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During my travels, my compensation for free accommodation for one night, was for me to write a daily travel diary. Of how I got to my next location, the people who would host me, the food I was offered and everything else. Below you find the archives of the highly extensive reports. Know that English is not my native language and most reports were written at high speed around midnight. Enjoy.

Monday, 9 July 2001
Dungiven --> Dundrum, Northern Ireland (UK)

70 days from home and still not homesick... How I got from Dungiven to Dundrum, passing scary and empty Belfast. What is going on here?

Brian woke me up with a wake up call in the Dungiven Castle. After a shower I met Johnny, the manager of the hostel who actually invited me at the castle.

He heard me on the Jerry Ryan Show (2FM) and thought inviting me would be good for the castle and I would have my first stay in a castle ever!

I had cereals for breakfast and after a photoshooting around the castle Brian offered to bring me all the way to Belfast, where my next host would collect me to take me to Dundrum, southwest in Northern Ireland.

As The Gift from Onno in Galway, Brian, Eileen and Johnny received a cultural flag of Ireland. They will definitely find a place in the hotel to put this up somewhere!

The road to Belfast was mainly going down. And the chilly climate changed into sunny weather after we left the Sperrin Mountains behind us.

In Belfast Brian dropped me off at my meeting point, the Europa Hotel. He said this was the most bombed hotel in Europe, which not really gave me a good feeling.

I thanked him for their kindness at the castle, for even having me stay an extra day. It was quite an event!

I called Terry on my mobile phone. Together with his wife Carol, they are my next hosts in Dundrum. Terry insisted to pick me up in Belfast. It would only be a 30 minutes drive.

While I waited in the lobby of the luxury hotel, I saw a lot of reporters. Some just with paper notebooks, interviewing important looking people. Others were rushing in or out with complete television gear.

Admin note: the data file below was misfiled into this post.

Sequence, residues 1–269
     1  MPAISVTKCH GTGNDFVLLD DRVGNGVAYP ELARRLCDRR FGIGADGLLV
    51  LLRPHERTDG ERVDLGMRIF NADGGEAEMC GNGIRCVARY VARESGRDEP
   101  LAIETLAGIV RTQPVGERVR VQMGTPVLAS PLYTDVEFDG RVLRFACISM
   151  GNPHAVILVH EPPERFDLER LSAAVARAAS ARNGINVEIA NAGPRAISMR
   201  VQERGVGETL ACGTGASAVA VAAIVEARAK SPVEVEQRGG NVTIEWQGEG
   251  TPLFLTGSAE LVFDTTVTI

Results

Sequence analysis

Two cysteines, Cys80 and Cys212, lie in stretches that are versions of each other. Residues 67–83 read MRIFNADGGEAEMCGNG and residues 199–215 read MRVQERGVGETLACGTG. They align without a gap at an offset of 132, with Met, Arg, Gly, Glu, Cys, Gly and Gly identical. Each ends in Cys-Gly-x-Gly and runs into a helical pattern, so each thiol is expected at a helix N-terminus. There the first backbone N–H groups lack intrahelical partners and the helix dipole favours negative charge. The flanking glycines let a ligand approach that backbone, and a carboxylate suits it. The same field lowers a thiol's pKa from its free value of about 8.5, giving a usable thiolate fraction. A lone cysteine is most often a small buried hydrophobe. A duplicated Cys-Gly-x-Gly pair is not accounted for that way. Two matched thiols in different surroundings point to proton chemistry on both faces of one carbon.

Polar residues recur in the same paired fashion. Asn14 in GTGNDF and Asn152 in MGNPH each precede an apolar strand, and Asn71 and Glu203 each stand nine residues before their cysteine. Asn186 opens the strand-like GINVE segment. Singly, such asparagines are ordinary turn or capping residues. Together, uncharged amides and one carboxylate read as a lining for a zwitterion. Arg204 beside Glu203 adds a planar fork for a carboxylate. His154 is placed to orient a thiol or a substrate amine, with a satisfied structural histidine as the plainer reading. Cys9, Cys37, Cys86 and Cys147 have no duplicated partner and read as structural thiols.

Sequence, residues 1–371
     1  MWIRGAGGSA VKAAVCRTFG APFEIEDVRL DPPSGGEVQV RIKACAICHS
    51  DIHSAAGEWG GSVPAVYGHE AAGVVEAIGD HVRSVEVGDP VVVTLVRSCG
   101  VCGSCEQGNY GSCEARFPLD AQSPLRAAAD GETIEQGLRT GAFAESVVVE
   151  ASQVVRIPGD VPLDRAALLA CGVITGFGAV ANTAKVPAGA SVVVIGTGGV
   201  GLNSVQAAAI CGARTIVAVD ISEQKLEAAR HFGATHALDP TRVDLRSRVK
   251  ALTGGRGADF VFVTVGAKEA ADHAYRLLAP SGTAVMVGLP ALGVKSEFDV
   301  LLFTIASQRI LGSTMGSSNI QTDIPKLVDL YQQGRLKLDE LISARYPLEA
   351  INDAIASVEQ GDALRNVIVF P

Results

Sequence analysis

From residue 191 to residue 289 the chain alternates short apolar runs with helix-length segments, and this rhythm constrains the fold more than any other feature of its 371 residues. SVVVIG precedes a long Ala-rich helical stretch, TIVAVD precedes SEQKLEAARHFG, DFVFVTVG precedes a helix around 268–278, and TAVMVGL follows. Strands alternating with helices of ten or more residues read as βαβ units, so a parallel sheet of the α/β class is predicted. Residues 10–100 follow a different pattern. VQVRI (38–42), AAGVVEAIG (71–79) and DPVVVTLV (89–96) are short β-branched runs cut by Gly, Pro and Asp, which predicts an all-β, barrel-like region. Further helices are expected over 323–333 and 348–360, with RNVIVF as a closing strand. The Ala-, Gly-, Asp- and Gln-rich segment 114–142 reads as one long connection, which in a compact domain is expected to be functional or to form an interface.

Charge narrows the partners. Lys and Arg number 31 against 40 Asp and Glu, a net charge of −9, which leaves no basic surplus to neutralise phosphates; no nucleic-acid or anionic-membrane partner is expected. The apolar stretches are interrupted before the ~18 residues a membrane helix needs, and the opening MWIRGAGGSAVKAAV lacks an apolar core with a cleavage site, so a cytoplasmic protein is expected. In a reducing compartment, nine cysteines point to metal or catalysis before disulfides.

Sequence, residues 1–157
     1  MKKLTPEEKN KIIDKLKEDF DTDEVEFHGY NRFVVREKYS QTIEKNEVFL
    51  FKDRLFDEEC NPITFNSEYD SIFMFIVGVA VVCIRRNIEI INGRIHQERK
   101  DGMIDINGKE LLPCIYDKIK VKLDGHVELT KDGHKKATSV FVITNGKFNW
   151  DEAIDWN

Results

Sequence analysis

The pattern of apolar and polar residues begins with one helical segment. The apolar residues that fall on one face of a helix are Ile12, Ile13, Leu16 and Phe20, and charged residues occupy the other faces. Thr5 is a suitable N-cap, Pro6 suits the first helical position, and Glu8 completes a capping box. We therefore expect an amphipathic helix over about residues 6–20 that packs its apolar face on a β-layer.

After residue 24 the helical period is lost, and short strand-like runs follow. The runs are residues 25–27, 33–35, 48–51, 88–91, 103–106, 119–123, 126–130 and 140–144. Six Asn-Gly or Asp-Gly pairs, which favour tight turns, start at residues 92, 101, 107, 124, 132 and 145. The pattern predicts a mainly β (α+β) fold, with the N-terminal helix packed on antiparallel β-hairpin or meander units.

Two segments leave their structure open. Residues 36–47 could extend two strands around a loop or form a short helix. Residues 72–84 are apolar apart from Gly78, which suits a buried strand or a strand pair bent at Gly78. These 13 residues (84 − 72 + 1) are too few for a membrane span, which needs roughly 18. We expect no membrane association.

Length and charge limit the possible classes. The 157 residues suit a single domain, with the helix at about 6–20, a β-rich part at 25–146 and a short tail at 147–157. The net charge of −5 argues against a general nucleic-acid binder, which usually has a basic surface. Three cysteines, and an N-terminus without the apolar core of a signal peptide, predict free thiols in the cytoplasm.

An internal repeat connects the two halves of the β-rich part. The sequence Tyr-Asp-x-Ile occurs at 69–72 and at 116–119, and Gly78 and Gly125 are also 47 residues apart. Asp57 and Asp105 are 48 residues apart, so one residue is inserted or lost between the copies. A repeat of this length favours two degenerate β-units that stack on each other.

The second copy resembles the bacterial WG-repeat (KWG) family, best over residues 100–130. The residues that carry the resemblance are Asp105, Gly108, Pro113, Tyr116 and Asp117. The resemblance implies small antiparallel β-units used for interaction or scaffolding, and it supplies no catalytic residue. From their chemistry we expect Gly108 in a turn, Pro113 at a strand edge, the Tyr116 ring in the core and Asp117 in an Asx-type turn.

All are covering the marches of the [url=]Orange Order[/url], the (mainly protestant) loyalists in Northern Ireland, who celebrate the Battle of the Boyne river in 1690.

But the press would also be waiting to cover possible riots which could occure when the (mainly catholic) Northern Irish nationalists object the marches going through their nationalist areas in Belfast.

When I met Terry and we drove out of Belfast, he was surprised that Belfast was so deserted. Streets were empty. It is not an ordinary week with people walking outside.

It was eerie empty.

Around 6.30pm we arrived in their hometown Dundrum and I met Carol and their daughters Ciara and Katy.

Itís funny to see how shy kids are when I first meet them and then, after a few minutes, they treat me as one of their best friends.

Terry runs his own company in Dundrum and produces anything that can be used by, for example, farmers and fire departments.

He lately was very busy creating spraying devices to clean vehicles from possible foot-and-mouth-germs, mostly used at border controls and ferry exits.

I like the stories about Americans, visiting western parts of Europe, thinking they should even wear protective white suits and masks, against possible foot-and-mouth-infections.

Americans who think like that do really need a wake up call, haha! (Oops, I donít mean to offend Americans, I am talking about certain people from AmericaÖ)

I mean, it is not even unhealthy to eat infected meat, because the foot-and-mouth virus is only susceptible at cattle, sheep, pigs and goats are susceptible and some wild animal such as hedgehogs, coypu, rats, deer and elephants. Humans simply canít get it.

Actually the virus runs its course in two or three weeks after which the great majority of animals recover naturally (they donít tell you that in the media).

The justification of the slaughter policy (or field burnings as in the UK) is that a widespread disease throughout the country would be economically disastrous (and there we go: itís always about the money Ė sighÖ)

While Carol prepared dinner Terry took me up a hill to show me the Dundrum Castle (pupilís report). It is a ruin looking over the Dundrum Bay, which is dry during low tide and has an island when the tide is high.

Dundrum Castle was founded by the legendary Norman adventurer John de Courcy, following his invasion of Ulster in 1177.

Itís is very interesting to climb up the ruins and think about those people who used to live here. And how?

Back at the house, Carol served tasty lamb with oven baked potatoes for dinner and I told them about my experiences Ďtill now. Ups and downs and biggest surprises.

After dinner the kids got to bed and while I typed reports on their computer Carol was practising yoga and Terry watched some television.

Later that night Terry showed me the book One day in Ireland, where photographers from all over the world where invited to join in a project where they could all make their own shooting or Ireland, but all on the same day. Very extraordinary.

When everybody already slept, I finished my reporting about my staying in Galway and walked up the stairs to the guest room.

Good night Dundrum!


Quote of the day:
Critics are like eunuchs in a harem: they know how it is done, they have seen it done every day, but they are unable to do it themselves. Ė Brendan Behan

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